My own scholarly interests led to another home in the American nineteenth-century imagination: the heavenly one. I directed my attention to burial grounds, in particular those that formed part of the rural cemetery movement, a phenomenon that coincided with the founding of Mount Auburn Cemetery in 1831. So-called Rural or garden cemeteries were designed as picturesque landscapes. These provided romantic settings for an increasingly varied array of commemorative and funerary sculpture. Realizing that many of America’s earliest professional sculptors sought commissions from cemetery lot owners, I focused on that for my master’s thesis. The sculptors I researched were the biggest names of the period—including not only Greenough and Crawford, but also Randolph Rogers, William Wetmore Story, and Harriet Hosmer—all of whom had worked hard to promote American-produced sculpture in the U.S., even though they received their training in Europe and in some cases, spent most of their professional lives there.4

In the course of my work, I also became aware of the importance of American stonecutters in introducing the seductive material of marble to the broad American public, well before Greenough’s first trip to Italy in 1825. Where was this material most visible? In graveyards and cemeteries, beginning in the late eighteenth century. White marble—both from Vermont quarries and Carrara, Italy—was more than just another material in the stonecutter’s repertoire. Marble became a central feature in graveyards of the late eighteenth and early nineteenth centuries, eventually all but supplanting the familiar slate headstones of earlier times. Stonecutters in urban areas wrote to each other seeking out the whitest slabs of “Italian” at the request of their customers, while marble achieved figurative significance in many of Nathaniel Hawthorne’s writings—almost becoming a character in its own right.5 My dissertation at the University of Delaware focused on white marble, stonecutters, and carved work for cemeteries from the late eighteenth to the mid-nineteenth centuries; there was no shortage of primary artifactual source material.6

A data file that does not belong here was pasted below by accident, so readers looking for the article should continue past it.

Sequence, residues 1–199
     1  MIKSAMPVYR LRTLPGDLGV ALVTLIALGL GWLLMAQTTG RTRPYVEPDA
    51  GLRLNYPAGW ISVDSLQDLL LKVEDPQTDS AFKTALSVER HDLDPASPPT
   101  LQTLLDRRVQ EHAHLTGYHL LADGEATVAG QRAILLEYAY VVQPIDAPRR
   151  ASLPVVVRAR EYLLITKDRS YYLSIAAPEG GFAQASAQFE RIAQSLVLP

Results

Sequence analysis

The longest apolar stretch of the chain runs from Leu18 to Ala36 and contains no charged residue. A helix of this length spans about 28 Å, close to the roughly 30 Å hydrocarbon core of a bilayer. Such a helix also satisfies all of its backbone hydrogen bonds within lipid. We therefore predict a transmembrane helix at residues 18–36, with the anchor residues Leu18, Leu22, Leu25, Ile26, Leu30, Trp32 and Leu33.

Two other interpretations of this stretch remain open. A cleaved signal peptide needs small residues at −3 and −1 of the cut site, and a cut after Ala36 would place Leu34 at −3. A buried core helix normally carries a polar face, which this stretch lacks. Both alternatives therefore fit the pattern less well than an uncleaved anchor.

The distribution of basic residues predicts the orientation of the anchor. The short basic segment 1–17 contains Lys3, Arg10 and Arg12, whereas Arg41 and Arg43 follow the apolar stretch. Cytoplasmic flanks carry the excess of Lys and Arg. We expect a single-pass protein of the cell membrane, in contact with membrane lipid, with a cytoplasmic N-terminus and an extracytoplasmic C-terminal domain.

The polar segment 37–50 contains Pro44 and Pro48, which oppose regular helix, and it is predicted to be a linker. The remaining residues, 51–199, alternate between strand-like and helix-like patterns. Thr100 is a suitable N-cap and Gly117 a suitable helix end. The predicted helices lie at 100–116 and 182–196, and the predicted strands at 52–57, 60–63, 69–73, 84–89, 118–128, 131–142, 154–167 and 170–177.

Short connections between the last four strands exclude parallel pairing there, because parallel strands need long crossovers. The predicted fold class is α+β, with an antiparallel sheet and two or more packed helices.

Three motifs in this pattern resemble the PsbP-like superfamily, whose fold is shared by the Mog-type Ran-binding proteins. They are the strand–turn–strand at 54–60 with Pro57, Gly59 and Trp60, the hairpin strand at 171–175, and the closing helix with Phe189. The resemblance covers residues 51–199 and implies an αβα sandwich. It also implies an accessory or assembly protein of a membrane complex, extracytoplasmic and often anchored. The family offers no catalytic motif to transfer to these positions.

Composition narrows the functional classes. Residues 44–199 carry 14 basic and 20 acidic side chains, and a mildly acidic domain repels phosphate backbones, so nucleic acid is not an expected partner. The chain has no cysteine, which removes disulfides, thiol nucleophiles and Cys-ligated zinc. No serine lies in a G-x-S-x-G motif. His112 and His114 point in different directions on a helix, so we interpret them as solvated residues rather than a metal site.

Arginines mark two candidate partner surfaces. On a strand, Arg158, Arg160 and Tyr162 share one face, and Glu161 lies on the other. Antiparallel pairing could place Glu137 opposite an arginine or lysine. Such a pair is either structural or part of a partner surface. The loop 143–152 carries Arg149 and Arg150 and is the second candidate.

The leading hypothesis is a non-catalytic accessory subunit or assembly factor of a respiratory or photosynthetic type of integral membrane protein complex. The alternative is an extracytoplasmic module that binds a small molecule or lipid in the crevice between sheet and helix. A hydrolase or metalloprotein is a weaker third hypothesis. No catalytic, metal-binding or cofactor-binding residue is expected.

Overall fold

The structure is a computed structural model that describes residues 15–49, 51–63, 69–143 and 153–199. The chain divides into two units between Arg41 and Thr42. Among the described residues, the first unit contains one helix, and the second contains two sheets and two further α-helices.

For the scholar of material culture, sepulchral monuments represent a truly democratic form of art in the nineteenth century. Nearly every strata of society could afford at least a slab or small marker; middle and upper classes could afford a wider variety of memorial art. Marble monuments were the bread and butter work of successful, full-time professional nineteenth-century American stonecutters, as they would be for later generations of American sculptors such as John Frazee, whose early success was founded on cemetery work. All of the issues that art historians look at when studying the type of art that ends up in museums and other elite venues—private collections, galleries—are here in abundance in this funerary field: patronage, client, commission, negotiation, siting considerations, subject matter (or motif), and cost. Later in the nineteenth century, as monuments of granite largely replaced marble—which proved too fragile to last outdoors—architects, artists, and stonecutters refined their sculpting skills to that material, aided by newly developed pneumatic tools and diamond drill bits.